2022 in review
If 2022 felt like a rough year for your investments, it was! The last year witnessed a storm of issues, beginning with an environment of rising interest rates, moving on to the Russian invasion of Ukraine, leading to a surge in commodity and energy prices and culminating in a series of interest rate rises across the globe as Central Banks sought to get inflation back under control.
According to a report in the FT, stock and bond markets shed more than $30 trillion during a brutal year. This, in itself, is relatively unusual. Normally, bonds and other fixed interest offer some stability when equity markets are volatile and help to cushion some of the falls. Unfortunately not this time. In fact, bonds and equities produced, by some reckonings, their worst combined performance for many decades.
After an environment of falling interest rates, which produced a long-term positive scenario for bonds, going all the way back to the early 1990s – it culminated in rates hitting the lowest lows in living memory, which was in the wake of the Global Financial Crash in 2008 – it seemed that interest rates were never going to rise. For more than a decade, that was largely true. However, the return of inflation has changed things. Even Japan has seen inflation hit the heady levels of 3.8%, a level not seen since the early 1980s!
In the past, I have explained how Central Banks act to control inflation by raising interest rates to curtail demand, and the number of increases in 2022, was faster than ever before. The US Treasury 10 year bond yield – essentially, the rate at which the US government can borrow money – moved from 1.4% to 3.9% during 2022, while in the UK, at the point of peak/trough Truss (blink and you may have missed this short lived Prime Minister), the rate at which the government could borrow had ballooned from 1.1% to 4.5%, before settling down a little by the year end to around 3.7%. In Australia, interest rates were raised a record eight times, from 0.1% to 3.1%. The days of governments being able to borrow money for fifty years at 0.5%, are, for now at least, behind us.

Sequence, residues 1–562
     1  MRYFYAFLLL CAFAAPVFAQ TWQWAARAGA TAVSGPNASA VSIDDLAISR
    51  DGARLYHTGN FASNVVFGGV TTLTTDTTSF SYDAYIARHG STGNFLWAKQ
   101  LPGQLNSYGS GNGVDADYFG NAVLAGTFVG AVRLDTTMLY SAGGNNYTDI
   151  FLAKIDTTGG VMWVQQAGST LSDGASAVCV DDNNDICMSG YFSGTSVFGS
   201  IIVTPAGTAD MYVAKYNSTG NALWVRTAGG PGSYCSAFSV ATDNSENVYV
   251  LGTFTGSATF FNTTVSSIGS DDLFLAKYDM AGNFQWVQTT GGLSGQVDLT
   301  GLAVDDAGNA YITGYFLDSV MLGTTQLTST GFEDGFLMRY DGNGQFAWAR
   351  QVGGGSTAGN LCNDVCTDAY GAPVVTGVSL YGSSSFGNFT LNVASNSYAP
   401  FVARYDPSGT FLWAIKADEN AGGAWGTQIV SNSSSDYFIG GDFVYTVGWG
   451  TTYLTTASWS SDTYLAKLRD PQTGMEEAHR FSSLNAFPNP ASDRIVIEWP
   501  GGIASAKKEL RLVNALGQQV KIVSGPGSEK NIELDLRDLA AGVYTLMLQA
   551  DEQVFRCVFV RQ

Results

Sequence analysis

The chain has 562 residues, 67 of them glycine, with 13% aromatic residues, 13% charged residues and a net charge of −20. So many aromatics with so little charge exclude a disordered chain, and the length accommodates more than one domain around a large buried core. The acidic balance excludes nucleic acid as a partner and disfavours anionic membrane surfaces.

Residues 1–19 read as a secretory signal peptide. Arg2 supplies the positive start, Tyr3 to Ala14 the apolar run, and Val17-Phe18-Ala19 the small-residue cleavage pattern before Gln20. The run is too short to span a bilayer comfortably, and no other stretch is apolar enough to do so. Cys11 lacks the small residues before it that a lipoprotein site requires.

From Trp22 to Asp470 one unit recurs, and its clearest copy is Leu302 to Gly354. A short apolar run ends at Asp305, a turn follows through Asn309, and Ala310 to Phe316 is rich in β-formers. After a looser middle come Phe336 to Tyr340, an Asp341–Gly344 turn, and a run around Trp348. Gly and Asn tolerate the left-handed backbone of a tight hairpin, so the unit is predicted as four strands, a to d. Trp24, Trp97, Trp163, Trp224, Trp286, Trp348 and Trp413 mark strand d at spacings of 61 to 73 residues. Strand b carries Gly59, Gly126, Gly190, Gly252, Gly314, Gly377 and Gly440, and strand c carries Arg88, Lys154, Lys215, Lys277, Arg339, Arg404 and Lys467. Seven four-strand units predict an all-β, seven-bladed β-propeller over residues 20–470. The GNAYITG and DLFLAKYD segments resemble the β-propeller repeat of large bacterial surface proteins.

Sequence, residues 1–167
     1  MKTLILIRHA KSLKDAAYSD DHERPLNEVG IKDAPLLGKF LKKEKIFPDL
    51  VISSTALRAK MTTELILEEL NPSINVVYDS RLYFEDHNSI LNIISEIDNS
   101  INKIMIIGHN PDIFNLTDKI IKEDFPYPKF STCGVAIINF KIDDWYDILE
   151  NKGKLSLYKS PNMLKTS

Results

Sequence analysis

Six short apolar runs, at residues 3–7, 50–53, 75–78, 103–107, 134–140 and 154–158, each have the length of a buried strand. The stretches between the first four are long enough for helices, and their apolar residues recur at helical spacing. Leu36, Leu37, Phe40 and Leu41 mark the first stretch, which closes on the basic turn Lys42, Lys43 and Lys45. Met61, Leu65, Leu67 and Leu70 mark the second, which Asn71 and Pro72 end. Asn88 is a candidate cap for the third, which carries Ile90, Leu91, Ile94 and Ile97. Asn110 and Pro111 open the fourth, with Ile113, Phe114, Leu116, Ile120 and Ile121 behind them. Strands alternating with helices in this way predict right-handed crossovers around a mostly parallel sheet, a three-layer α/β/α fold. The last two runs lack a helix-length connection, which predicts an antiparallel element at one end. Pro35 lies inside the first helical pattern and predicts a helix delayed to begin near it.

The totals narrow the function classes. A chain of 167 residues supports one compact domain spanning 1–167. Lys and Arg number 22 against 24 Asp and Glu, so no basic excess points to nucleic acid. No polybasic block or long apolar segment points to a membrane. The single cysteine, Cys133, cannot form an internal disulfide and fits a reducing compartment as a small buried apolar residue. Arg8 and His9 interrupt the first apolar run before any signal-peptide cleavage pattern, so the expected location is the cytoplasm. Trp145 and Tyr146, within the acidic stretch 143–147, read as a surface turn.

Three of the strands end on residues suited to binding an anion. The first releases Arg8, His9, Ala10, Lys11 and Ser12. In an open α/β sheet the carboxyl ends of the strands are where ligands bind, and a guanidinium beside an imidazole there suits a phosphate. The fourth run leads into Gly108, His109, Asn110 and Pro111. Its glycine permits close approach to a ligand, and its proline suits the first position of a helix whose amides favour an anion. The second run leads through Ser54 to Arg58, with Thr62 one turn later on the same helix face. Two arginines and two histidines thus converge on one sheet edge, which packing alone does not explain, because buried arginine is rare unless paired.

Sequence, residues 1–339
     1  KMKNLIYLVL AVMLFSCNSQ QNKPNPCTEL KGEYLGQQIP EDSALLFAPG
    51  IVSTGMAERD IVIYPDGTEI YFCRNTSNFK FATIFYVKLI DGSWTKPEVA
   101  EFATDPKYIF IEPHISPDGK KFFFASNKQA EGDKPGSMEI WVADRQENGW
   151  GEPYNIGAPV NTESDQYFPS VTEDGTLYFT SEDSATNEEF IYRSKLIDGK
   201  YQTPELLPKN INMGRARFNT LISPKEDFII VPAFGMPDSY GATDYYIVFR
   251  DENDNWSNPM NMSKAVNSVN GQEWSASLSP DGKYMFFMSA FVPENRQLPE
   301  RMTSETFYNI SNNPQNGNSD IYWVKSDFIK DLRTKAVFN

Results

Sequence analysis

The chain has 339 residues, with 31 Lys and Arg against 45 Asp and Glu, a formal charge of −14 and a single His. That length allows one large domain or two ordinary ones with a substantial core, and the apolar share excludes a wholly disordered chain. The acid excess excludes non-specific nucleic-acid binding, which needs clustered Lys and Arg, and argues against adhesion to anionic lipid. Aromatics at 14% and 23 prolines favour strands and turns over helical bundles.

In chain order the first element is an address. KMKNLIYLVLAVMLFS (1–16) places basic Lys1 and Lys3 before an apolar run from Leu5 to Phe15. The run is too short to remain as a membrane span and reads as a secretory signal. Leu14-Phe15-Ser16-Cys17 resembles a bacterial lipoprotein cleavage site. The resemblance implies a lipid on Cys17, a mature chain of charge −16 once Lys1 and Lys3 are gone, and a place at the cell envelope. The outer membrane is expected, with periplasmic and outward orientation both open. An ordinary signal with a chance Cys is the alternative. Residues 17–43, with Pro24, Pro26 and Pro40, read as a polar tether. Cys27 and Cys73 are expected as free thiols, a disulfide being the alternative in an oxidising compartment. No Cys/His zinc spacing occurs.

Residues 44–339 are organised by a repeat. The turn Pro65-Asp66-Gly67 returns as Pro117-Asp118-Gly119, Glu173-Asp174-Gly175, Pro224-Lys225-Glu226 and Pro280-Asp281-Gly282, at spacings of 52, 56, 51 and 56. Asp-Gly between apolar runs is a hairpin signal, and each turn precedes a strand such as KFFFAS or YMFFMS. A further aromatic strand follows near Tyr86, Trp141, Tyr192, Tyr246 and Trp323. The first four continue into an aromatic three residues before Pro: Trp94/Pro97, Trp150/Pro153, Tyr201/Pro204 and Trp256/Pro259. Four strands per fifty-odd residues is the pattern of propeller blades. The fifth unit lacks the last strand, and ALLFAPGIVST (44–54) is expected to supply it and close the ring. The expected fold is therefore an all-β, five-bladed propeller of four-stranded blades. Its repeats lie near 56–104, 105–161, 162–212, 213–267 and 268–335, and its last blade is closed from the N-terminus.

In terms of how this impacted your share market investments, higher interest rates and a slowing global economy, coupled with improving low risk returns available from cash, created headwinds. Add to this a surge in energy and raw material costs and it is easy to see how companies have struggled with the challenges presented during 2022.
For certain sectors – emerging technology companies for example – who were heavily reliant on investors keen to subsidise their current losses in the hope of future profits, the return of higher interest rates has been especially difficult, and they have seen their shares seriously rerated. But there were some sectors that benefited, such as the oil and gas industry itself, and their share prices generally reflected this.
Consequently, there has been a marked difference in performance between share market indices across the world, driven by the dominance of certain sectors. For example, the ASX 200 largely made up of financials and materials’ sectors, decreased by 5.4% in 2022, whereas the ASX All Ords (a much broader index representing 500 of the biggest Australian companies) was down 7.2% (excludes dividends). In the US, the Dow Jones Industrial Index was down 8.74%, while the far broader S&P 500 Share Index was down by 18.1%. This difference was even more marked in the UK, where the FTSE 100 Index – a global laggard for a long time – was up by 0.95% in the last year, while the FTSE Mid 250 Index – a far better barometer of UK plc – fell by 18.9%.
In a sea of red, there were few places to hide, but there were some pockets of exception. In terms of the major asset classes, the old adage ‘cash is king’ proved true, with cash providing a positive return of 1.3% (as represented by the RBA cash rate), making it the best performing asset class for the period. It’s not often we see this – in fact, cash has only beaten other asset classes on 9 occasions in the last 100 year or so! The other stand out performer was commodities. Buoyed by disruption to the supply chain, caused by China’s ultimately futile efforts to adopt a zero covid policy, as well as sanctions imposed on Russia following its invasion of Ukraine, the oil and gas price spiked, pushing up energy costs across the world. This fared well for Australian shares on a relative basis to many other countries in the world.